Marked up the rest of the document (in-text tables, and appendices), and added a few new features and tweaks to the table rendering code. You can now do:
To create a table which has no borders, for layout-only purposes, and you can control the width of individual columns in a table (in the PDF output) by setting a rend attribute in the appropriate cell in the first table row:
<table> <row> <cell rend="column-width: 20em;">...</cell> <cell>...</cell> </row> [...] </table>
This forces a width of 20em on the first column in the PDF. This is important because otherwise, the PDF renderer does no intelligent table-column width calculation; it just distributes the width equally across the cells. It's not so important with the XHTML output because browsers do a good job of calculating and laying out cells, so the setting is ignored in the XHTML output.
I'm looking forward to being able to integrate FOP 0.95 into a new Cocoon/eXist build, so we can get around some of the keeps-and-breaks problems with the ancient FOP we have. RVDB's recent Cocoon-building scripts should help a lot with that.
Four of the figures in this document are actually tables, so I'm now marking those up. The first one throws up something we haven't dealt with before, notes below tables; I've now added handling for those, and in the process I also realized that we've been processing the heading for a figure which is a table in the wrong place; in APA, Chicago and MLA, the figure heading goes below the figure, UNLESS it's actually a table, in which case it goes above. I've now revised the XHTML and PDF rendering to make that work properly.
There's more work to do here, but once it's done, I can document table markup properly.
Only the two appendices to go, and I've laid out the structure for them (they live in the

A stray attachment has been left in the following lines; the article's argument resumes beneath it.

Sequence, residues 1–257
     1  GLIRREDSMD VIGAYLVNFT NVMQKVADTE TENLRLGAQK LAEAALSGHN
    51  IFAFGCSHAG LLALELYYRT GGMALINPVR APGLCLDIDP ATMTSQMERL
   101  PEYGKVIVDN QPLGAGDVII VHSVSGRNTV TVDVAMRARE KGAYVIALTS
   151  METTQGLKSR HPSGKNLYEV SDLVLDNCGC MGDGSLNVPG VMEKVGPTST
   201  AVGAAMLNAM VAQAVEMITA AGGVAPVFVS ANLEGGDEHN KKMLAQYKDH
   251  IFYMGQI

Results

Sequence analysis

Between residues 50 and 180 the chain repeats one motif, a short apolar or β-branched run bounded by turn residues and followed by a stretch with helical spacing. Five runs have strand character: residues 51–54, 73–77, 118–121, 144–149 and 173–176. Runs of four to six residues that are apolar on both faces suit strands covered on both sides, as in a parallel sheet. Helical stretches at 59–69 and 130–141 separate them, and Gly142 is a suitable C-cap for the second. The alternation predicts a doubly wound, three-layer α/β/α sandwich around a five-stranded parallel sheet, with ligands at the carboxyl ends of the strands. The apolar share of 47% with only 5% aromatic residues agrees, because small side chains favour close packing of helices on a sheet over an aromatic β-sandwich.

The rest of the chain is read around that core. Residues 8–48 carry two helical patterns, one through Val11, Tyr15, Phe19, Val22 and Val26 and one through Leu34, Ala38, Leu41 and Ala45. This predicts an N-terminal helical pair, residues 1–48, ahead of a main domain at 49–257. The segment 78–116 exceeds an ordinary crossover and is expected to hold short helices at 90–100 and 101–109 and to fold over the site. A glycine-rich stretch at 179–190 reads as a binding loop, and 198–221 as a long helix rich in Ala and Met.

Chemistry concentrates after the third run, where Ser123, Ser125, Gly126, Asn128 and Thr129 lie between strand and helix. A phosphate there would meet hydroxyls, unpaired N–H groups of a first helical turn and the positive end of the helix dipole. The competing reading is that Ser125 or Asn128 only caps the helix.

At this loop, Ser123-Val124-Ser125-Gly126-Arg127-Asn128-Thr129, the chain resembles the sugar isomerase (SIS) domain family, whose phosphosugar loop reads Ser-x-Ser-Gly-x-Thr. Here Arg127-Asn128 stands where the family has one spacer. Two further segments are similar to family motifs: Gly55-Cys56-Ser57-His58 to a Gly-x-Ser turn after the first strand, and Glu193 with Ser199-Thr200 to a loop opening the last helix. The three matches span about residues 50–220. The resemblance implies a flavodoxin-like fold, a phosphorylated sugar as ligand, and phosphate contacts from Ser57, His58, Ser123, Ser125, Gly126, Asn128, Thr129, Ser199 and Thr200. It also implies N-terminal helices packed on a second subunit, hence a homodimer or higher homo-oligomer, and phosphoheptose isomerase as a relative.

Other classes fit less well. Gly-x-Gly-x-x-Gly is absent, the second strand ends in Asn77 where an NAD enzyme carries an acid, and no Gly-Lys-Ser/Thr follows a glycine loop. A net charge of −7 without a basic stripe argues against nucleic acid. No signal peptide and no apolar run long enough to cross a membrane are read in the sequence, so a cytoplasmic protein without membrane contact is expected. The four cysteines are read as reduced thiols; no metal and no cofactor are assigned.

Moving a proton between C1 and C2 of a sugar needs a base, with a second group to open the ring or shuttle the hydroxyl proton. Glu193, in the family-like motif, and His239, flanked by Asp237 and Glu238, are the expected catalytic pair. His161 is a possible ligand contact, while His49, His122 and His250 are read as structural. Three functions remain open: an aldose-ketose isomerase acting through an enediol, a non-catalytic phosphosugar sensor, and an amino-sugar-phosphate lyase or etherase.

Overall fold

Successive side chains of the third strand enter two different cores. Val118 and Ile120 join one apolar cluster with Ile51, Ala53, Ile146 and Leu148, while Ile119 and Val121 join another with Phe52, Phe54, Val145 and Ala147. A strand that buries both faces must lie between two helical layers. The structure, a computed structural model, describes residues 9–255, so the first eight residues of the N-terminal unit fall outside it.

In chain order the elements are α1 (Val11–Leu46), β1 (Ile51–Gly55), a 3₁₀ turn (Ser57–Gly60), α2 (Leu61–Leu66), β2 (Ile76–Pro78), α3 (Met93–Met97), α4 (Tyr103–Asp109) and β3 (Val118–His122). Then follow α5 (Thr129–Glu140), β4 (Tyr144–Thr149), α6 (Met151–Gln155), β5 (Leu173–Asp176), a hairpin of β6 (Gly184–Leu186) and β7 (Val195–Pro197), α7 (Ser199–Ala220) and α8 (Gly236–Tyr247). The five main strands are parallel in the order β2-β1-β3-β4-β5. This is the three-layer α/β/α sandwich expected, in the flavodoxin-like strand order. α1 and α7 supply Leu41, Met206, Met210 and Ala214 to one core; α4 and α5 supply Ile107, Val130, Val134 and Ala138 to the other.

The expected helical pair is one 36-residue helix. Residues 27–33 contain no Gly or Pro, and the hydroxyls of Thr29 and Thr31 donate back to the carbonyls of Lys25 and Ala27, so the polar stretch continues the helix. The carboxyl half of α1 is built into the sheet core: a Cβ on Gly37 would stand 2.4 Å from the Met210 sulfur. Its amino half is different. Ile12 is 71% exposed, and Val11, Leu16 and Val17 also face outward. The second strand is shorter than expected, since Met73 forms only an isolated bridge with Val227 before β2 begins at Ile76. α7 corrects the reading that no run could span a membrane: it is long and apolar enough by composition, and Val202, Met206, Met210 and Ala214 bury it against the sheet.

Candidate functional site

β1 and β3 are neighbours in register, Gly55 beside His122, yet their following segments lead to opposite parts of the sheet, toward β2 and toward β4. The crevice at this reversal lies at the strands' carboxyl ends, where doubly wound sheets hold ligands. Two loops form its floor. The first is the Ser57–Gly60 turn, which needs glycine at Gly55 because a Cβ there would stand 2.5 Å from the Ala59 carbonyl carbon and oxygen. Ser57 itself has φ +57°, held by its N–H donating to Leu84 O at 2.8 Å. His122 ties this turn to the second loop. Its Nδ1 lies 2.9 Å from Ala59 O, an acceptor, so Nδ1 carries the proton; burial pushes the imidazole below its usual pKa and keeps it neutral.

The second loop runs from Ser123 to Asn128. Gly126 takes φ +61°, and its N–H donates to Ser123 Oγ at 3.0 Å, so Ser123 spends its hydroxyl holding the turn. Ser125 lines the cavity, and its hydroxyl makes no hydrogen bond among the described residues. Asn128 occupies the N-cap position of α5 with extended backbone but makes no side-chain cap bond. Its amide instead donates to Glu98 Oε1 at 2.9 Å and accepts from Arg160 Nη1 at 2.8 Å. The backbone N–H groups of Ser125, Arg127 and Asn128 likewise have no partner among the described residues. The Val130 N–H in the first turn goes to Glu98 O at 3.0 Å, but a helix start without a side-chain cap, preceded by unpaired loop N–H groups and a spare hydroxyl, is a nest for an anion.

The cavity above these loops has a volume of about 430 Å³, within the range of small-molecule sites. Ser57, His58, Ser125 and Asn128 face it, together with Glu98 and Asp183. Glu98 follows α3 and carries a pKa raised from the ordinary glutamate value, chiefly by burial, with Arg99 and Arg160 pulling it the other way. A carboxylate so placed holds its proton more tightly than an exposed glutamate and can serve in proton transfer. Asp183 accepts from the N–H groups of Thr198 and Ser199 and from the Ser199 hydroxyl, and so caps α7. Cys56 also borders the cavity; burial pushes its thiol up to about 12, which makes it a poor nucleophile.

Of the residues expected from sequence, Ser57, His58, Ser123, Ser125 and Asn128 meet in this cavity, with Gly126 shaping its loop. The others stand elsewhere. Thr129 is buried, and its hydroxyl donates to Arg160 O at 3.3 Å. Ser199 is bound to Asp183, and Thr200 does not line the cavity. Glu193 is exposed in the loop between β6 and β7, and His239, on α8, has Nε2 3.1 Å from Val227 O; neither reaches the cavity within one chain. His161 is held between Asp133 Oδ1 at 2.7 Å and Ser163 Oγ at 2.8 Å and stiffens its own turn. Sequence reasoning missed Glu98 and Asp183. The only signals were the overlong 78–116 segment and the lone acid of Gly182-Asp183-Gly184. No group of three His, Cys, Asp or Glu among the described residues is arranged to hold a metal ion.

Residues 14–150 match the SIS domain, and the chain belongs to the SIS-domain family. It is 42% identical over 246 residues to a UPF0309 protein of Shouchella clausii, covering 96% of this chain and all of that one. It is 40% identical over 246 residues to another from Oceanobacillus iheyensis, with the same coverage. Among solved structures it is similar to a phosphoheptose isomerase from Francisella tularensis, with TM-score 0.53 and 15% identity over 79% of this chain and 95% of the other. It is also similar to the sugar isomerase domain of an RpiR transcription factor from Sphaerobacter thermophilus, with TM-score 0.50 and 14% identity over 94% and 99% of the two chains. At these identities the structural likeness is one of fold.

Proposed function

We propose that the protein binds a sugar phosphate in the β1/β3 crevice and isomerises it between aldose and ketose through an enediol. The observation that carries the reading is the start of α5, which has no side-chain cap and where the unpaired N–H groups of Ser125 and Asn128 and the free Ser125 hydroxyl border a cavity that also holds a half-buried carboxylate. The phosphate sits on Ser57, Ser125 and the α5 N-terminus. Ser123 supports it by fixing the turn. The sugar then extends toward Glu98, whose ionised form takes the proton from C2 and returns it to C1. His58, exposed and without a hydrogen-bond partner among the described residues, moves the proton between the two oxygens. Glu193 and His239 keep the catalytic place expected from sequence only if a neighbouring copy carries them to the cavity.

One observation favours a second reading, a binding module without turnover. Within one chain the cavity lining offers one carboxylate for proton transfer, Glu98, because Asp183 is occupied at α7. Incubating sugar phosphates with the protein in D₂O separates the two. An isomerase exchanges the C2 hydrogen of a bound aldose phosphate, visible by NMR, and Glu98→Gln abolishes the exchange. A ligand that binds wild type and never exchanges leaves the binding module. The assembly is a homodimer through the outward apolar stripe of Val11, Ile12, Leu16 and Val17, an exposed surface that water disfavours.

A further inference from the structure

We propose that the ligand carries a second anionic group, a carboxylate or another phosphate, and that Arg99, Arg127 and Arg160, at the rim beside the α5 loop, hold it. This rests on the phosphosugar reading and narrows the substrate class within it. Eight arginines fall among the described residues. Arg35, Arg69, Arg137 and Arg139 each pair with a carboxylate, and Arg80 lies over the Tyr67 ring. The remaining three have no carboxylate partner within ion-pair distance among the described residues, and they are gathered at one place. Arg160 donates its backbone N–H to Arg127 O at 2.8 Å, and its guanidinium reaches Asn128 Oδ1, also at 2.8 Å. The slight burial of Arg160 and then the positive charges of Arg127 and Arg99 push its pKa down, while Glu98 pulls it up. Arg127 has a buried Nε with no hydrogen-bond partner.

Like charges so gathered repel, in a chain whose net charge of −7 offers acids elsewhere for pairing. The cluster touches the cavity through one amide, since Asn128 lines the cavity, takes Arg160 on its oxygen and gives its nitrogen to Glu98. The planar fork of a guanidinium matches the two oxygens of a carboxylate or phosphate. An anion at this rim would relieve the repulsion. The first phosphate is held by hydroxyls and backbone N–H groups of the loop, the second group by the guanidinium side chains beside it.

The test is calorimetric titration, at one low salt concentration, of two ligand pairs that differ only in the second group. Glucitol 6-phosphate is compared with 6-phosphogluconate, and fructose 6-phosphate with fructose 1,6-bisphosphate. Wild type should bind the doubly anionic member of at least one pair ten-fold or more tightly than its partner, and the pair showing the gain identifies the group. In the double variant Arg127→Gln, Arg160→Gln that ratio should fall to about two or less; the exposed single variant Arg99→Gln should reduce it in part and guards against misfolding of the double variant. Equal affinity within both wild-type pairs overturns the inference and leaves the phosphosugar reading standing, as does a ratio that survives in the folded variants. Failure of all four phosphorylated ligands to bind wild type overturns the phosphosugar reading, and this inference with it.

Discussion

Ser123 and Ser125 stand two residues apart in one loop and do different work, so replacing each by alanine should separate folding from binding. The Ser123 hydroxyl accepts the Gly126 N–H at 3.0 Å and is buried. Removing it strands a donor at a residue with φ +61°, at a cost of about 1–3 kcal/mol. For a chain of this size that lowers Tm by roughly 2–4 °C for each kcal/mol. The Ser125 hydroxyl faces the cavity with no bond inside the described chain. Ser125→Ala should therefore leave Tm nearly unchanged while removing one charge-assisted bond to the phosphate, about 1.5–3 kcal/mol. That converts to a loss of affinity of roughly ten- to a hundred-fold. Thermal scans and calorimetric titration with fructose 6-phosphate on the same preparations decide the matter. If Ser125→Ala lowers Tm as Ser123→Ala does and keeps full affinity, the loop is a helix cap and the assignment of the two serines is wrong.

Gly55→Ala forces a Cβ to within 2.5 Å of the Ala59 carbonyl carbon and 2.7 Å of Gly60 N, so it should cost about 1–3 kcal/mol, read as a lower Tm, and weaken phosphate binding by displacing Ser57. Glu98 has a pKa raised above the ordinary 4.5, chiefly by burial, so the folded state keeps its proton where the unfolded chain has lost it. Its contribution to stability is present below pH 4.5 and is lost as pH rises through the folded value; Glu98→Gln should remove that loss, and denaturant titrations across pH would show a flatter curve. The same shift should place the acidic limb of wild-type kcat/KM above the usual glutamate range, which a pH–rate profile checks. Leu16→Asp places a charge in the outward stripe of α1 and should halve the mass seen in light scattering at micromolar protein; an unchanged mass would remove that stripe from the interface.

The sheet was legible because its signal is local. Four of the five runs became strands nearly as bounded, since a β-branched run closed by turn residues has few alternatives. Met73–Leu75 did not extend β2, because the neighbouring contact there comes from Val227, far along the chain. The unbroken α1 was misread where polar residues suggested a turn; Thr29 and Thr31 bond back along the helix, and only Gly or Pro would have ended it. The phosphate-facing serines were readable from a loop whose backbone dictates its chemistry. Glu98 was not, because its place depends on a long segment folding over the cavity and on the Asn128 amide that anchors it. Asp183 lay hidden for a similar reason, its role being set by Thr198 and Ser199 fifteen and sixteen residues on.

<back>, before the bibliography).
The structure of the main document (the
<text> element) looks like this:
<body>(main text content)
<body> element are one or more
<div>s, which can be nested. Each
<div> may begin with a
<head> element containing its heading, followed by a series of paragraphs (
<p> tags) or other
<div>s. A typical structure looks like this:
<div> <head>Introduction</head> <p>Intro paragraph...</p> <p>Intro paragraph...</p> </div> <div> <head>Section 1</head> <div> <head>Section 1.1</head> <p>Para in section 1.1</p> <p>Para in section 1.1</p> </div> <div> <head>Section 1.2</head> <p>Para in section 1.2</p> <p>Para in section 1.2</p> </div> </div> <div> <head>Section 2</head> [...] </div> [...]
The formatting of headings will be handled automatically, according to the APA styleguide, based on the level of nesting.
The first section, a review of the literature, is very dense with references, so it's quite time-consuming to mark up. Found one missing reference, and wrote to the author.
It was huge (52 items). Grr.
Perhaps this is one of those articles where the author includes everything s/he has ever read in the biblio, even if it's not referenced in the text...
... expanded the instructions for biblio entries, and also added an item on marking up abbreviations.
All abbreviations need to be tagged, so the system can provide an appropriate mouseover hint to help readers who aren't sure what they mean (and to help populate our abbreviation index). This is how to do it:
<choice> <abbr>CAIN</abbr> <expan>Computer Anxiety Index</expan> </choice>
The system will be able to look back in the text to find the expansion for each instance of the abbreviation, taking it from the first, fully marked-up version.
Marking up the bibliography of an article can take as much as half the entire markup time for the article. This is because the information in a biblio reference is quite detailed, and in order to be harvestable and useful it needs to be marked up carefully. The bibliography also needs to be marked up before the text itself, because the text will be full of links to items in the bibliography, so their
@xml:id attributes must be known before we can mark up the text.. The bibliography of the article appears in the
<back> element of the
<text> element, and it looks like this:
<back> <div type="bibliogr"> <head>References</head> <listBibl> <bibl>[...]</bibl> <bibl>[...]</bibl> </listBibl> </div> </back>